After my experience with Collegiate Council, I know I lacked a complete understanding of how much was going on behind the scenes to ensure that I had the best experience. Student-athletes have a high level of exposure to the hard work put in daily by academic advisors, coaches, nutritionists and trainers. However, most of us are unaware of the depth of support we receive from the 12th Man Foundation.

Behind every scholarship, practice, workout, and meal, there is an entire team of people working tirelessly to ensure that every student-athlete is provided with the opportunity to pursue their dreams.

Fellow student-athlete and Collegiate Council member Julia Black agrees that 12th Man Foundation donors are the backbone of our athletics department.

“As student-athletes, we often take for granted what the 12th Man Foundation does for us,” said Black, who is a distance runner for the A&M cross country and track and field teams. “These people are the ones who make the meets, games and trips all possible.”

The 12th Man Foundation opened my eyes to how thousands of people I have never met believe in my ability to succeed as an athlete, student and person. Unconditional support is rare, and I’m excited to provide that same support as a Young Alumni member now that I’m a proud A&M graduate.

Before I knew what college was, I knew I was going to be an Aggie. My father was a Texas A&M graduate and even though my mother, a University of Texas graduate, swore she would never wear maroon, you can find her in a Texas A&M equestrian hat almost every meet day.

I grew up watching my father get stopped in airports, amusement parks and even a restaurant in Italy by other Aggies who were eager to swap stories about the Dixie Chicken, Aggie Athletics and their most memorable professors.

When I was younger, I firmly believed that if you graduated from Texas A&M and wore your ring, you magically had friends wherever you went.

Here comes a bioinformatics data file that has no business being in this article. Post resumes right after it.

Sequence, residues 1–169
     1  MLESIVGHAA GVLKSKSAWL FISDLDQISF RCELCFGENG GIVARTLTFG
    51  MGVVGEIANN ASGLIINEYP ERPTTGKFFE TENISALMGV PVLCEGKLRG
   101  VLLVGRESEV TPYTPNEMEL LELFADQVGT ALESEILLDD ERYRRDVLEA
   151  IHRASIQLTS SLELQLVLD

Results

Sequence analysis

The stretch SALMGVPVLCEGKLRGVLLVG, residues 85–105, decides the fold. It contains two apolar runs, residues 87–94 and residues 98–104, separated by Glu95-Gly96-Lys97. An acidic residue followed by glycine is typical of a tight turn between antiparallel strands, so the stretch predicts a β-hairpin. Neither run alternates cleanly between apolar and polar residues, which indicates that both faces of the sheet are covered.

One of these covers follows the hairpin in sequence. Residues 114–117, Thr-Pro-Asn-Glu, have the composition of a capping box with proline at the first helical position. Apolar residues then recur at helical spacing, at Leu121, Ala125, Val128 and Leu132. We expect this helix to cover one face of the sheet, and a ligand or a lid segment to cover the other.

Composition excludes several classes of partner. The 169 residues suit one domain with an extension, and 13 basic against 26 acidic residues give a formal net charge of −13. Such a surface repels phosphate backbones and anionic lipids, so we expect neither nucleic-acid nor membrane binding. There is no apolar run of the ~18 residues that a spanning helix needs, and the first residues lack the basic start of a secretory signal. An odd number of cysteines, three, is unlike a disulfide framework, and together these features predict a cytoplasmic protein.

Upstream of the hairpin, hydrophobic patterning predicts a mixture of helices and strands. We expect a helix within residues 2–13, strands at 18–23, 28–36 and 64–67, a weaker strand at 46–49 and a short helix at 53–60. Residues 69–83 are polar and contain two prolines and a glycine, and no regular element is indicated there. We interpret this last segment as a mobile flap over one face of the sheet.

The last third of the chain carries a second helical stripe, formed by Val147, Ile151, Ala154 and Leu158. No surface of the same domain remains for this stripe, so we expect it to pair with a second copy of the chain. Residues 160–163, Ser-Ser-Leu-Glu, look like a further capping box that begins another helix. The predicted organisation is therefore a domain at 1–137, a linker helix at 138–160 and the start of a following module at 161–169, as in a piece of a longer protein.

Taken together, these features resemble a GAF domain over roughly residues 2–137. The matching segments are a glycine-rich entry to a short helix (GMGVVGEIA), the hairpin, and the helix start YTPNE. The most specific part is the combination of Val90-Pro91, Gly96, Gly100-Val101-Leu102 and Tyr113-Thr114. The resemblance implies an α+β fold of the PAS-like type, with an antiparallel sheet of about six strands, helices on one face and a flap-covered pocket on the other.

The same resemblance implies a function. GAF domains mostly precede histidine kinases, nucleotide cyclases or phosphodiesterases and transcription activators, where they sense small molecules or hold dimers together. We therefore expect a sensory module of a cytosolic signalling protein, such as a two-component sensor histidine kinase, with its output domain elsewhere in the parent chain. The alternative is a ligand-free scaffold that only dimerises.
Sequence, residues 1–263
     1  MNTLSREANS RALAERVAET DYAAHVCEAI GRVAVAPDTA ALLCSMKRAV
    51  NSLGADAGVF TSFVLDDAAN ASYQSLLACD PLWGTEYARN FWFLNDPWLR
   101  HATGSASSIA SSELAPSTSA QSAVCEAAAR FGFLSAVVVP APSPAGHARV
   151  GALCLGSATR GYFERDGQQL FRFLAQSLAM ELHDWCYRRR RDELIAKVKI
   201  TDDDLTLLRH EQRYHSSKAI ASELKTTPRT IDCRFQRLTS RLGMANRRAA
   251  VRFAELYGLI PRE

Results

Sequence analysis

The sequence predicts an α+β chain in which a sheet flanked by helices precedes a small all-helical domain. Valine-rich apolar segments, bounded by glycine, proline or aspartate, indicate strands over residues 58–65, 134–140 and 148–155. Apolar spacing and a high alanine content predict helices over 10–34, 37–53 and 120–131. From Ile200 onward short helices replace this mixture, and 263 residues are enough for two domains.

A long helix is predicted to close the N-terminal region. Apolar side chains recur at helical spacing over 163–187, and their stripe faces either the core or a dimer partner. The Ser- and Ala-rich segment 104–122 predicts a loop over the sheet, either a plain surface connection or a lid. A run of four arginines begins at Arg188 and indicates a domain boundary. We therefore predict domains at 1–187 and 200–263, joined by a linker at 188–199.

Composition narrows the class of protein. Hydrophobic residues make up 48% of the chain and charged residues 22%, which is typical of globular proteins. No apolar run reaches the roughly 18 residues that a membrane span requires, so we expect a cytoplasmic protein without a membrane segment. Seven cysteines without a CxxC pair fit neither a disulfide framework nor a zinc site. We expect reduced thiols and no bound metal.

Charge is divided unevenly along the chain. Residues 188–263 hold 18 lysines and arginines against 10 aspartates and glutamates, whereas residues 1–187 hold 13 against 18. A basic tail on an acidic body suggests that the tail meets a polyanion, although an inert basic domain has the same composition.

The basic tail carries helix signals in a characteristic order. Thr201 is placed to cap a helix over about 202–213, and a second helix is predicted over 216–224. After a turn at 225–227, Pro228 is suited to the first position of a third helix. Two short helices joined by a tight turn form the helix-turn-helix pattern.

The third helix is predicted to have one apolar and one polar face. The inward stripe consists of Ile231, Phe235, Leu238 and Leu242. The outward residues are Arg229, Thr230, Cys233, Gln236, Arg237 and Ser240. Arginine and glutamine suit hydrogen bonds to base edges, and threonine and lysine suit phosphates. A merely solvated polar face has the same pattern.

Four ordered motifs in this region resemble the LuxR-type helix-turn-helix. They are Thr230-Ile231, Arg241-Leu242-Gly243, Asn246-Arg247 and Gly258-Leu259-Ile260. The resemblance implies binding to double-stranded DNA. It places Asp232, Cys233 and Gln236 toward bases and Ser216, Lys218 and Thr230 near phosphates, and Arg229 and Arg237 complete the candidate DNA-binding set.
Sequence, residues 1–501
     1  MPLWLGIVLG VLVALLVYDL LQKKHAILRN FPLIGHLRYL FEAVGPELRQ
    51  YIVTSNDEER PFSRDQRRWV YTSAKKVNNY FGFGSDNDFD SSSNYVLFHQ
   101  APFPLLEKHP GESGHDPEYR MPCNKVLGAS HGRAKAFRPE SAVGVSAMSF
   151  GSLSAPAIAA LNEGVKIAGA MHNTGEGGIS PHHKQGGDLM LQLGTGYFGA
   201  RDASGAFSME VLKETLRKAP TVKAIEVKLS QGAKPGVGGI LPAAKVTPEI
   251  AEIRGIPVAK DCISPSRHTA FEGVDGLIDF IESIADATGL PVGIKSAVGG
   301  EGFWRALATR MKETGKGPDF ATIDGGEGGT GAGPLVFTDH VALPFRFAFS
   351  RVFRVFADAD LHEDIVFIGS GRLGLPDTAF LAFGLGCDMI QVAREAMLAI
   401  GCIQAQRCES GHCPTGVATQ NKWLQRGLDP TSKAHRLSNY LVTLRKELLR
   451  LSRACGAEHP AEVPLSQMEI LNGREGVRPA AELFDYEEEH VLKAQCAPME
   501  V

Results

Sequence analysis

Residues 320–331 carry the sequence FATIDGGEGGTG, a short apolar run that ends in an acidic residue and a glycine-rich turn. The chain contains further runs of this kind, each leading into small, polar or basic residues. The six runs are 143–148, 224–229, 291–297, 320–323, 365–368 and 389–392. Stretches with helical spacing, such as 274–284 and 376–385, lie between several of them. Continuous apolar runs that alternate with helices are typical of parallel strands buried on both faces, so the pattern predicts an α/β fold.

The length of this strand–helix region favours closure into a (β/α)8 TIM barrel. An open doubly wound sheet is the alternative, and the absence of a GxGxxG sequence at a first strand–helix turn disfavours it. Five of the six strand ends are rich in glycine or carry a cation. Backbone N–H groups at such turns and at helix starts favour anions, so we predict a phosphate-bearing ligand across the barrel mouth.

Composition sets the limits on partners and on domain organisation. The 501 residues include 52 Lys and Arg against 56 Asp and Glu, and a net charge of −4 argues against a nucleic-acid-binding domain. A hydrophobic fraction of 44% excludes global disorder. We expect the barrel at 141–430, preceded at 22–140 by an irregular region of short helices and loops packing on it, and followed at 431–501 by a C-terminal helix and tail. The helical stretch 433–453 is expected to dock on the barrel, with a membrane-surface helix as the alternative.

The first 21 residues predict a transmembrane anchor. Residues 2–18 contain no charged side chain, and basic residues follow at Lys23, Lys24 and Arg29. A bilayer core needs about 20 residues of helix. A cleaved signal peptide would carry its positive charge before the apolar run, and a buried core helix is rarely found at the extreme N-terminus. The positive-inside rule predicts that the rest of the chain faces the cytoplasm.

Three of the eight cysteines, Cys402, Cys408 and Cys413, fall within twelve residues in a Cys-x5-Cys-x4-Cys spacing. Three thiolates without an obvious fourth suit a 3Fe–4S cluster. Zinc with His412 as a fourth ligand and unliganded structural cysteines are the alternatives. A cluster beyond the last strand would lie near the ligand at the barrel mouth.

But I’ll be honest. For three years of my college experience, I didn’t feel that same magic I had experienced when I was younger.

Athletics is a grind, and trying to balance constant athletic improvement with academic excellence had me stretched thin.

When the world seemingly stopped as a result of COVID-19, I was devastated. For three years, I had dedicated myself to my sport and to the classroom. Now, I was being told I couldn’t do either.

Upon my return to College Station, everything felt different.

It was through my involvement in Collegiate Council that I came to fully understand what the “Aggie Spirit” I experienced as a child embodied. It wasn’t inherent in a place, an outcome of a game or a specific class. It’s in every handshake, every howdy and in every heart. 12th Man Foundation members, you are the Aggie Spirit.

Fellow inaugural Collegiate Council member Abel Gonzalez said, “Through the selfless service of the 12th Man Foundation and its members, the Aggie family was able to come together and stand alongside our student-athletes.”

When I interviewed to be considered for the Collegiate Council, the final question was, “When you return to Texas A&M as a former student and ask about Collegiate Council, what do you want to hear?”

Looking back at the steps this group has taken after such a short period of time, I know what answer I will receive in the coming years. It is a group filled with leaders who have a comprehensive understanding about what it means to be an Aggie. They are a reflection of the 12th Man Foundation staff as well as its members – a united and loyal group committed to selfless service by way of Texas A&M Athletics.

Fellow inaugural Collegiate Council member Nicole Lopez sums it up well.

“I can confidently say that the council provided me with the very best experience during my college career,” said Lopez, “and I cannot wait to see what next year’s council will accomplish.”